High-voltage electricity is extremely destructive, so there are usually prominent warning signs on high-voltage towers or lines to remind people to stay away. However, many birds often rest on high-voltage lines. So why don’t birds get electrocuted when they stand on high voltage lines?
Resistance and Current
First of all, the premise of electrocution is to generate a certain amount of current, and to generate current is to have a complete circuit. Electrical resistance exists in all the common things in our daily lives. Birds and humans also have electrical resistance.
Electrical resistance is like an invisible wall that impedes the transmission of current. The greater the resistance, the greater the impediment to current flow. From Ohm’s law I=U/R, it can be concluded that in the case of a fixed voltage, the greater the resistance, the smaller the current generated.
Both the bird and the high-voltage line (línea de alto voltaje) have a resistance. However, since the high-voltage line is mainly used to transmit electrical energy, its resistance is reduced as much as possible. This allows the more current to pass through and reduces losses. So, the resistance of the high-voltage line can be regarded as approximately 0.
The bird is small and carries a small resistance on its body. However, compared with the high-voltage cable, even if the bird has only a little resistance, it appears to be very large in terms of current. Therefore, most of the current will choose the better way, which is to pass through the high voltage line. In fact, the high-voltage wire is also resistive, resulting in some current flow to the bird. But because it is too small, even the bird itself can not feel.
Another reason is that the bird is relying on two claws to stand on the high voltage line. If their claws are far apart, similar to a person’s legs, then a potential difference is created, which leads to electrocution.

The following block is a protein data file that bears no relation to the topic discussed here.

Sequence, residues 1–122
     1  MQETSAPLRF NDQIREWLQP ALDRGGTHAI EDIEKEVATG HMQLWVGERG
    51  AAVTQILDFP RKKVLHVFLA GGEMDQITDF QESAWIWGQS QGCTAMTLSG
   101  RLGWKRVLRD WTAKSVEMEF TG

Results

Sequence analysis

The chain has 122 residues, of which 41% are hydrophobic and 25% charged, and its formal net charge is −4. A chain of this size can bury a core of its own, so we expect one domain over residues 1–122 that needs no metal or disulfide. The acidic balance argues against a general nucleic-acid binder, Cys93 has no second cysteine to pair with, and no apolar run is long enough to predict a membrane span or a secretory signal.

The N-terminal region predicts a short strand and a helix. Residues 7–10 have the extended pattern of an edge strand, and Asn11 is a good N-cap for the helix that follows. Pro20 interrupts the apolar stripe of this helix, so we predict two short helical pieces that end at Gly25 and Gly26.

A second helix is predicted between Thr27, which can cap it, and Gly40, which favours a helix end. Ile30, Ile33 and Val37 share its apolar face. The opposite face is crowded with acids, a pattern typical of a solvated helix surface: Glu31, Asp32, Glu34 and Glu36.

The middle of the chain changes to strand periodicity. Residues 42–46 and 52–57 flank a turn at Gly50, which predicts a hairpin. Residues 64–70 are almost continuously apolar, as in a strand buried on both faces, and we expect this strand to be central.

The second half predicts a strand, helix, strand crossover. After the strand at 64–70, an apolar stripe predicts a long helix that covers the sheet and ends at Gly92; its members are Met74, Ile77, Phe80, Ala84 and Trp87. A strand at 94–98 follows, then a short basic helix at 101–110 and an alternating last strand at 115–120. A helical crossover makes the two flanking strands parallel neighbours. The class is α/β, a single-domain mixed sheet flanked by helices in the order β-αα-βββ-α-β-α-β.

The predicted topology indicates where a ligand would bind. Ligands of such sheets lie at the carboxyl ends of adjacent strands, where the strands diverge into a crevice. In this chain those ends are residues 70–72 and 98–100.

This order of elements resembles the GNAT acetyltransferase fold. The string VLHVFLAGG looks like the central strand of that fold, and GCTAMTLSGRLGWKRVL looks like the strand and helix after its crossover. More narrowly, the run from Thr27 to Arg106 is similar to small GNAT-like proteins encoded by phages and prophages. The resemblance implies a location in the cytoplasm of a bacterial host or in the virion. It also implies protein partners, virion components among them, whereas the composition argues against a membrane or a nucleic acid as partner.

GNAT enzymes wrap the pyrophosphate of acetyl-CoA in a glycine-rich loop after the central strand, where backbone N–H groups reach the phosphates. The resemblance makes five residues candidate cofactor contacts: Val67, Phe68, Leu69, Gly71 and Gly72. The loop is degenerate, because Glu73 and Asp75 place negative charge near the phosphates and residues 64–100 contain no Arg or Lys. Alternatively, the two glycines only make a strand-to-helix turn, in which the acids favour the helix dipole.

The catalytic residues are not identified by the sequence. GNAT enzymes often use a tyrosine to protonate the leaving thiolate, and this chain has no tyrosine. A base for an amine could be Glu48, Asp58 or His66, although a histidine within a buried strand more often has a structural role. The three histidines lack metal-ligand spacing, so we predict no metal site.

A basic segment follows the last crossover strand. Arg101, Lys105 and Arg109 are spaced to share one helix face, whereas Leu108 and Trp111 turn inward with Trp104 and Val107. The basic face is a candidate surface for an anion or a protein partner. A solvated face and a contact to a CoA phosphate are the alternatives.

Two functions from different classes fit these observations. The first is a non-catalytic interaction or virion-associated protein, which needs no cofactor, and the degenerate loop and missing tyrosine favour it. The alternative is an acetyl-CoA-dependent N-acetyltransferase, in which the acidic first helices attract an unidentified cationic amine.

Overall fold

The potential difference is similar to the size of the water pressure caused by the height of the water level. In the same container, the higher the water level, then the greater the water pressure. Similarly, the greater the potential difference, the greater the voltage generated. Because of the small size of the bird, so the distance between the two claws is quite close. Then there is almost no potential difference, which means, there is no voltage. The absence of potential difference is referred to as equipotential. Therefore, there is no current passing through the bird.
So there are two main reasons why a small bird standing on a high voltage line will not be electrocuted.
- The bird’s own resistance is greater than the resistance of the high-voltage line, so the current passes through the high voltage line.
- The distance between the two claws of a bird is very small. So, the bird and the cable are equipotential and no potential difference is formed.